EDINBURG, Texas — Texas Gov. Greg Abbott and Democratic challenger Beto O’Rourke took a safe, but predictable, route in Friday night’s debate, the only one expected in the Texas gubernatorial race.
No one would be blamed for thinking expectations for the debate started out high. Throughout the day, on social media, the O’Rourke campaign was taking frequent jabs at Abbott’s refusal to host a live audience on the UT Rio Grande Valley campus in Edinburg. But by the time questions landed during the hour-long debate on Friday night, most of the answers were predictable.
The debate panel – Sally Hernandez of KXAN, Steve Spriester of KSAT and Gromer Jeffers of the Dallas Morning News – chewed up almost 20 minutes of the debate with a discussion of the border. Abbott talked about what he called the disaster created by the Biden administration. O’Rourke discussed the need to create an orderly path for a guest worker program.
Operation Lone Star, the $4 million a year program to secure the border with Texas law enforcement personnel, has failed to mitigate the influx of refugees, O’Rourke said.
“(Abbott) promised us that it would deter people from coming into this country. We’ve only seen more people come. Now they get a bus ride to Chicago or Washington, D.C. or New York,” O’Rourke said. “We don’t need any more stunts. We need solutions. We need those coming here to follow our laws. We need to make sure our laws follow our values.”
Abbott denied the effort – and the bus trips – were a stunt, saying the operation began after meetings with local officials, who claimed migrants had overrun their communities.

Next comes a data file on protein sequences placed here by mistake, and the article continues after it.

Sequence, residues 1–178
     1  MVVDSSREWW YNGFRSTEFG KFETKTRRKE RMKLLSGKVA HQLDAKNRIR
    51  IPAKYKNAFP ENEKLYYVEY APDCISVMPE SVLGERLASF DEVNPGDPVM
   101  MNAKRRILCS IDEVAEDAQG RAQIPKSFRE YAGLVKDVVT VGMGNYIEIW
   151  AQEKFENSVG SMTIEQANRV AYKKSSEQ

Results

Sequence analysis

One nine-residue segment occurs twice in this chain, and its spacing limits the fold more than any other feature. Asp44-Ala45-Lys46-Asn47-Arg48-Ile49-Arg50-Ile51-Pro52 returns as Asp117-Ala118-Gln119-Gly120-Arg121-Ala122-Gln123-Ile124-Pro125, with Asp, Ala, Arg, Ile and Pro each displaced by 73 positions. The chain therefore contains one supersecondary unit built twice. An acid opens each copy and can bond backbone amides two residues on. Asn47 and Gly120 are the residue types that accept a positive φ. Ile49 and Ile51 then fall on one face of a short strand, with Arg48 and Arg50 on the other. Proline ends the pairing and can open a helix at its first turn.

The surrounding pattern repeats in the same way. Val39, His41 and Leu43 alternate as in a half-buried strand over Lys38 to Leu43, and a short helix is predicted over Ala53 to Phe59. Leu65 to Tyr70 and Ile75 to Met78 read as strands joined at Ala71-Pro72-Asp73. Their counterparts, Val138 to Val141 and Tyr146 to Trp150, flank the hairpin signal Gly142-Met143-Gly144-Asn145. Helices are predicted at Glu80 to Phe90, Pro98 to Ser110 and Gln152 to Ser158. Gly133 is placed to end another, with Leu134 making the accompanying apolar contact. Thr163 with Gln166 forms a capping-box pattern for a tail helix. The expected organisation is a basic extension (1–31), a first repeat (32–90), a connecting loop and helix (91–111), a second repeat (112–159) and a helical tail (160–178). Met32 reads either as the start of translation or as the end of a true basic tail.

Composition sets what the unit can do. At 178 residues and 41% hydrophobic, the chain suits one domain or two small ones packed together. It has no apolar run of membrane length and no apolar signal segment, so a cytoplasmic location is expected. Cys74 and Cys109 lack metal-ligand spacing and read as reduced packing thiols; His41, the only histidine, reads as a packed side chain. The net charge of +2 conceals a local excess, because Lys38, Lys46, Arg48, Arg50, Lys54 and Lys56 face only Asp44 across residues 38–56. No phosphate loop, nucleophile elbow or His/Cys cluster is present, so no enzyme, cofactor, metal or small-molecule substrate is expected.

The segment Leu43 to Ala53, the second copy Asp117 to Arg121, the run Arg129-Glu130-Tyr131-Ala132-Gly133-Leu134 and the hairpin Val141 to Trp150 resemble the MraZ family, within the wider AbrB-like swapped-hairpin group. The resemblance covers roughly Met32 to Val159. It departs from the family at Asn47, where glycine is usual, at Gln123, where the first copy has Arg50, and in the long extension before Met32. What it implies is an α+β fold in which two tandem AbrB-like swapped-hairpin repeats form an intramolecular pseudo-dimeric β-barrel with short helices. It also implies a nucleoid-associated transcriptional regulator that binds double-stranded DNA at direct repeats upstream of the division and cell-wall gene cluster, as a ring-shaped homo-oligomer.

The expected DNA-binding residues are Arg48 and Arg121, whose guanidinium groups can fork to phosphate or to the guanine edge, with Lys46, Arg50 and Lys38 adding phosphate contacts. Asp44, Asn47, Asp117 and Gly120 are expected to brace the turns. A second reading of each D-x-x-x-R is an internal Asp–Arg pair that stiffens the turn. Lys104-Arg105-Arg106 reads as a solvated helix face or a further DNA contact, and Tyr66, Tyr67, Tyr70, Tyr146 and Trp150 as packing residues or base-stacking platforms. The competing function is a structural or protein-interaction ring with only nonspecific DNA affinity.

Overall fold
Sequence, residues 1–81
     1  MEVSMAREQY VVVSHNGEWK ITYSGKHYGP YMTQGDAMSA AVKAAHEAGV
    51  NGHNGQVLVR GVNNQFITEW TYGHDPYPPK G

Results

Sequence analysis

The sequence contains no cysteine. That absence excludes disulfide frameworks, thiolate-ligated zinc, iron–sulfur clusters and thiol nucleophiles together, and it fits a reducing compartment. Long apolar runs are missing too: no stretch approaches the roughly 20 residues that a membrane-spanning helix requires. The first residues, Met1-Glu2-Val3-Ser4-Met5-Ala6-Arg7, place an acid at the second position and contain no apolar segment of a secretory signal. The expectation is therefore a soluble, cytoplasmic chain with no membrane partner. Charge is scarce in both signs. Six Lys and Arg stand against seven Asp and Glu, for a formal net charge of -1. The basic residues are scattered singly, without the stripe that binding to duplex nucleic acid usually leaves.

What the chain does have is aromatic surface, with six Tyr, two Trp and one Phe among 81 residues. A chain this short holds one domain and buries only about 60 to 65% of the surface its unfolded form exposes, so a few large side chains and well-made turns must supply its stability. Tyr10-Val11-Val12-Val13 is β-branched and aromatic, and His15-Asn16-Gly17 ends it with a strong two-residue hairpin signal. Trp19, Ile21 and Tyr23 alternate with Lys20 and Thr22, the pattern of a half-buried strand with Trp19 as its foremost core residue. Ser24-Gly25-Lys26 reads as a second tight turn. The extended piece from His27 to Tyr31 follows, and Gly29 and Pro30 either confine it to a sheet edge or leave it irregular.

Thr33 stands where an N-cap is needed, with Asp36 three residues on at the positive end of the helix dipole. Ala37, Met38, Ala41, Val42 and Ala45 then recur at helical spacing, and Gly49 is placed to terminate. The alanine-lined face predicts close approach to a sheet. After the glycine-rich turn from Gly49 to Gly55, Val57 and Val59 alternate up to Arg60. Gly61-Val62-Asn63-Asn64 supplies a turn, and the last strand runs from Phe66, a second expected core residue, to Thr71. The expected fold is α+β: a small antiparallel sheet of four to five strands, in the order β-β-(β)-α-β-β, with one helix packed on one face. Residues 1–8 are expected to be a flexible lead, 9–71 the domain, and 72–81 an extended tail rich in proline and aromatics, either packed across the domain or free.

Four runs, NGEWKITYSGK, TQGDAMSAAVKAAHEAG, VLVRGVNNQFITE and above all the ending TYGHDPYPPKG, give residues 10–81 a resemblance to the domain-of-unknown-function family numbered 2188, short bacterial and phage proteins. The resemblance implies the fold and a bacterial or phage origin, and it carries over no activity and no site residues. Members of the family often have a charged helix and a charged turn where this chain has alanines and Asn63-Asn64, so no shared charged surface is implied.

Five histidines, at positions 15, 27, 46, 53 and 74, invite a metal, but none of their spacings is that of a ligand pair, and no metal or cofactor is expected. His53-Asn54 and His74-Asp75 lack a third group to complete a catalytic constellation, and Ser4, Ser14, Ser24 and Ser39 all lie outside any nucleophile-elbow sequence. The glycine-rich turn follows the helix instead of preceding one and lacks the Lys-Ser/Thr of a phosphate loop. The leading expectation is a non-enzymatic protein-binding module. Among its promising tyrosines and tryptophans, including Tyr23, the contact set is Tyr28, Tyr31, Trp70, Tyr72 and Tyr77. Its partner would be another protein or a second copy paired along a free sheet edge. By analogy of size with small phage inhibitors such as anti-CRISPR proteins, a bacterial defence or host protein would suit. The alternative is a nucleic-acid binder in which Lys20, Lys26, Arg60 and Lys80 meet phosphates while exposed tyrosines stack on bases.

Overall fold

Abbott stuck to his position on gun control, saying that raising the age on the possession of assault-style weapons would likely be struck down, given recent court decisions.
“What I do support is making it a felony for someone to lie on a background check. I signed that into law last year. I approved expanding background checks to include juvenile records, also proof of making it a crime for criminal gangs to buy or to possess a gun,” Abbott said. “But I’m still against red flag laws for the reason it would deny a lawful Texas gun owner their constitution rights to due process.”
Nineteen states and Washington, D.C. have red flag laws, which would allow law enforcement – and sometimes family members – to petition a court to confiscate firearms from people who may be a danger to themselves or others.
For his part, O’Rourke softened his position on his oft-quoted position that “we will take away your AR-15s,” saying such a mandate was unlikely to get widespread support. Instead, he supported universal background checks, raising the age to 21 to own assault weapons and the passage of a red flag law in Texas.
“We’ll make progress and take action where this governor has failed,” O’Rourke said.
Abbott did not back down from his support of Texas’ stringent anti-abortion laws, saying victims of rape or incest should have access to Plan B, the so-called “morning after pill” that prevents pregnancy from occurring when taken within three days of unprotected sex.
Abbott also spoke passionately, and personally, about the adoption of his daughter. Abbott was paralyzed from the waist down when a tree fell on him during a jog in 1984. He was a recent law school graduate who married his wife, Cecilia, in 1981.
“As a Catholic – my wife and I – we’ve been pro-life our entire lives, so much so that it grew even stronger,” Abbott said. “When we adopted our daughter, on the day she was born, I was the first person to hold her after she was born. And I’ve seen firsthand the power that adoption can have, and it just further strengthened my belief in the power of giving life to every child possible, seeing how it can happen so successfully.”
O’Rourke continues to support a woman’s right to abortion, which was granted under Roe v. Wade in 1973. That was the law of the land, and one that should continue to stand, he said.